Traveling the back roads near Massadona, Colorado, I looked out the car window and saw a wisp of a dream. Most experts would say I imagined that wisp on August 26, 1975. Whether imagined or real, it led to an adventure and a life-long love affair with the black-footed ferret, North America’s rarest mammal. Always a mysterious creature, secretive and rarely seen, they were not recognized as a species until 1851. Mustela nigripes.
Most people I talk with have never heard of the black-footed ferret. In the early 1800’s, when Lewis and Clark crossed the great grasslands of North America, the barking of prairie dogs filled the air. Alongside the prairie dogs was another mammal – their predator, the smaller black-footed ferret. Billions of prairie dogs from Mexico to Canada have been reduced to less than 1% of their original population. The black-footed ferrets, which were never large in number, declined as the prairie dogs did, for prairie dogs are virtually their only food source. In the 1970’s, the black-footed ferrets were feared to be extinct.
Still my husband and I stopped at Dinosaur National Monument headquarters, nearly two hours down the road. We were cautious as we entered. We knew they’d think we were having hallucinations if we told them we thought we’d seen the rare, possibly extinct, nocturnal black-footed ferret in broad daylight. So we casually asked, “Were there ever black-footed ferrets in this area?” Not another word was needed. Immediately, we were escorted into a back room where a ranger listened attentively to our story. He didn’t laugh. He didn’t accuse us of having hallucinations. I suspect he was surprised we knew what a black-footed ferret was, let alone their history. “Where do you think you saw it?” he asked. “Do you have time to take me back to the area?”
The adventure began. We traveled back to the site, got out of our cars, and walked onto the prairie. The ranger confirmed trenching around the prairie dog holes, evidence of ferrets. He took our names and address and thanked us. Then we went our separate ways, dreaming of small masked mammals.
By February 1976, the ferrets had moved to the back of my mind. (It’s interesting to note, some resources state that in the late 1970s, no known black-footed ferrets lived in the wild.) Still, a letter arrived from the United States Department of the Interior, thanking us for stopping at Dinosaur headquarters and sharing that another observation had been reported a few weeks later. Our sightings, along with signs of trenching, provided “evidence of the presence of ferrets.” The wisp grew clearer in my mind.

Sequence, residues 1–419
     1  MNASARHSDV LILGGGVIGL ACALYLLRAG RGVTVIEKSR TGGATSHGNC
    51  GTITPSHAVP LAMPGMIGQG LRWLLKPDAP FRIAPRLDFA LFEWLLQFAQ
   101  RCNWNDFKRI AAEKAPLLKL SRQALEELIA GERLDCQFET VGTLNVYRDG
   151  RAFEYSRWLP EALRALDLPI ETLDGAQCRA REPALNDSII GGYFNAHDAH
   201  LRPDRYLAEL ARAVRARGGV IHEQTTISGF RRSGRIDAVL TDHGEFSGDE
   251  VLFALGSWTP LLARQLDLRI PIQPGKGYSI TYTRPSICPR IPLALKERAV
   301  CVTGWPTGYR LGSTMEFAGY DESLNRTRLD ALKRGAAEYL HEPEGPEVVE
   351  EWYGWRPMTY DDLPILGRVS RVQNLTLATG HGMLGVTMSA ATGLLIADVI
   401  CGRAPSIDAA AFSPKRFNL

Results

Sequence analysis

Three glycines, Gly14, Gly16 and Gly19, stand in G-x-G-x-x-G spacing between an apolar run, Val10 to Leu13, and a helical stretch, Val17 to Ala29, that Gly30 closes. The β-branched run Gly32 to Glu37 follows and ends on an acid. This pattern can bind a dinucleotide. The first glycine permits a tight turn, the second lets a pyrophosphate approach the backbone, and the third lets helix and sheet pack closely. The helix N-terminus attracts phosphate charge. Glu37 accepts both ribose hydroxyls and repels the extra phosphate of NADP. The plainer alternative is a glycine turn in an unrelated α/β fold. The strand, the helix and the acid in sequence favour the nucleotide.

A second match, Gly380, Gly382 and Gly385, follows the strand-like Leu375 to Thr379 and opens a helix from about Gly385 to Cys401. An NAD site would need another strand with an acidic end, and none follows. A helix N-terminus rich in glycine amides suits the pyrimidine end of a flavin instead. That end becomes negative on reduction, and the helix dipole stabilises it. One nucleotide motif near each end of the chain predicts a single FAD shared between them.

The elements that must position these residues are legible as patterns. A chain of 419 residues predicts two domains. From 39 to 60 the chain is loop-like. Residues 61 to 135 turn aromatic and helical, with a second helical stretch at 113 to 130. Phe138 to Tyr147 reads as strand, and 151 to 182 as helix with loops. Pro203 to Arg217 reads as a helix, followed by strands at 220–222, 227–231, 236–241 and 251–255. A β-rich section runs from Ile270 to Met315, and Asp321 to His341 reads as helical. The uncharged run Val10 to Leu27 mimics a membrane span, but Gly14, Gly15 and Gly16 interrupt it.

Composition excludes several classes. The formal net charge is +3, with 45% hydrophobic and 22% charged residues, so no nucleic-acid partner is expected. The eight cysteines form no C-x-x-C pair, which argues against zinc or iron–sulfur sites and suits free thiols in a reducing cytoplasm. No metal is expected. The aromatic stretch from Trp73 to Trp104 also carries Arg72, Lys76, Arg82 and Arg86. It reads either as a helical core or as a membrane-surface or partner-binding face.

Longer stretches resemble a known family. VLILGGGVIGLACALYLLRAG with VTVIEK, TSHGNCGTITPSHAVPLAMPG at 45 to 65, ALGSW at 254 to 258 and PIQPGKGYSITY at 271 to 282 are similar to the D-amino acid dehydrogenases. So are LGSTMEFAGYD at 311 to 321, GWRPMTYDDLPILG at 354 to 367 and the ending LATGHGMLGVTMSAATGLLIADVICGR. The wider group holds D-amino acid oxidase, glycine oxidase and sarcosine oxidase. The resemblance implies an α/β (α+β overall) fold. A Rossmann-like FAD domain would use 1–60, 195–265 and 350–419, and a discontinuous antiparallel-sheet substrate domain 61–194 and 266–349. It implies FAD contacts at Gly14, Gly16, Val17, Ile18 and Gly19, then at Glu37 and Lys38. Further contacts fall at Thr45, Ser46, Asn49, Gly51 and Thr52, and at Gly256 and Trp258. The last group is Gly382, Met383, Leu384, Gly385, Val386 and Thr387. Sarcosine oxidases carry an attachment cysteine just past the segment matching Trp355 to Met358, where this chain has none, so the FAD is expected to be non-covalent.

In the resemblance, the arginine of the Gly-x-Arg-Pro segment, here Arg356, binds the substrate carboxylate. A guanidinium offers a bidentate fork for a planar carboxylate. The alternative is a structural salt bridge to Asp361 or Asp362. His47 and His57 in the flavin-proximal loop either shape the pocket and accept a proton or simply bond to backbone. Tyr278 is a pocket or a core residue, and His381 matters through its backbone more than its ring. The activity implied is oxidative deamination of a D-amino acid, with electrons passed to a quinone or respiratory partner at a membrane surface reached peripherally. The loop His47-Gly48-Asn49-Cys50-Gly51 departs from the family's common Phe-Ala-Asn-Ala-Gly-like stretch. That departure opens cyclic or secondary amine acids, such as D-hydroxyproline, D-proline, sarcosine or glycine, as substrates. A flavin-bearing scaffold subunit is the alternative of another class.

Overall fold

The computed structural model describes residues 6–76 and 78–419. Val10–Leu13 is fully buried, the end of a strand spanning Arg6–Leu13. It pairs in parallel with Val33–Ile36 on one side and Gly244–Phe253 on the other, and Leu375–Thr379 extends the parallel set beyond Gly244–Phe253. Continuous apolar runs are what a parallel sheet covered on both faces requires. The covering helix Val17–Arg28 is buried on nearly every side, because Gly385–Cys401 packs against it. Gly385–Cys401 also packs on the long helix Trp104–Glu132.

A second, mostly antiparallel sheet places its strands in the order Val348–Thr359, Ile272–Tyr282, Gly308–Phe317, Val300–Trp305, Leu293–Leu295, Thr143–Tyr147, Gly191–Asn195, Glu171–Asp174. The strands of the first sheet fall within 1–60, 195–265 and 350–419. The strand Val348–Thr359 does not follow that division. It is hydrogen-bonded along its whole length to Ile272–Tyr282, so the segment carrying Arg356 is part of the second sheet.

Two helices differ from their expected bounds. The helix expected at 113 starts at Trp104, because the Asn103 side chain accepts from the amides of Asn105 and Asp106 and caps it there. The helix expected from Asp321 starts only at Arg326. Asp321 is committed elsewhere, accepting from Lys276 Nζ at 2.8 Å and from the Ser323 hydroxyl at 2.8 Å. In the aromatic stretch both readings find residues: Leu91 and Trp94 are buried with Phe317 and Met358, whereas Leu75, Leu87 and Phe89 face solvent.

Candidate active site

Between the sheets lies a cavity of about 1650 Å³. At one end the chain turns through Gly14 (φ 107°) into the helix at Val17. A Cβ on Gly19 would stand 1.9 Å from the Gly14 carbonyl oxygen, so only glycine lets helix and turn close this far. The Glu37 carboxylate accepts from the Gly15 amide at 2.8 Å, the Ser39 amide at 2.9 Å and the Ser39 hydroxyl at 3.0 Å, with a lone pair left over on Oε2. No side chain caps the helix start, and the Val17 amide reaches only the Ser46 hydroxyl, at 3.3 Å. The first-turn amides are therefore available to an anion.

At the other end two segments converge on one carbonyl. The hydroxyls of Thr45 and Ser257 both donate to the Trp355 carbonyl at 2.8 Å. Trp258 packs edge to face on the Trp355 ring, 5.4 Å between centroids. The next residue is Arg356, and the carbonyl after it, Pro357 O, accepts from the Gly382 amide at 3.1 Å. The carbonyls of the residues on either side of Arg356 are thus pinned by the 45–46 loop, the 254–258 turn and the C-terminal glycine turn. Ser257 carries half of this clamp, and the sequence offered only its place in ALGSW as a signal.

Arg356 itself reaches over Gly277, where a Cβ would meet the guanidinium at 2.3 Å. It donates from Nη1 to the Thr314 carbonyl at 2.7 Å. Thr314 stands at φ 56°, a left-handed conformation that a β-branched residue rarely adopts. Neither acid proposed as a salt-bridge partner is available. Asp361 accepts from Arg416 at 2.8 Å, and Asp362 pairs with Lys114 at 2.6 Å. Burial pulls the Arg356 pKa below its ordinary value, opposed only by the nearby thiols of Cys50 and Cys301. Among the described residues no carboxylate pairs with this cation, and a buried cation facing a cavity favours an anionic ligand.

It was over thirty years later, through a series of happy coincidences, that the black-footed ferret entered my life again. I’d heard that captive-bred ferrets were being released on a ranch in western Kansas at the same time I was doing author visits in the area. Ron Klataske, Executive Director of Audubon of Kansas, connected me with the ranchers, Larry and Bette Haverfield, who invited me to drop by after my school visit, on October 9th, 2008. (It had been less than a year since the first ferrets were released on the ranch.) “Dropping by” meant traveling on deserted dirt roads, where no GPS had gone before. I didn’t see another car for over half an hour. Breathing a sigh of relief, I finally arrived at the Haverfield ranch. Larry smiled at me, leaning against his truck. Bette invited me in for antelope stew.
Bette and Larry are two of the most welcoming, gracious people I know. Larry spent the afternoon showing me around the 10,000 acre ranch, sharing his belief that rotational grazing, “buffer” areas, and the reintroduction of black-footed ferrets would bring predators and prey into balance and be good for his cattle too.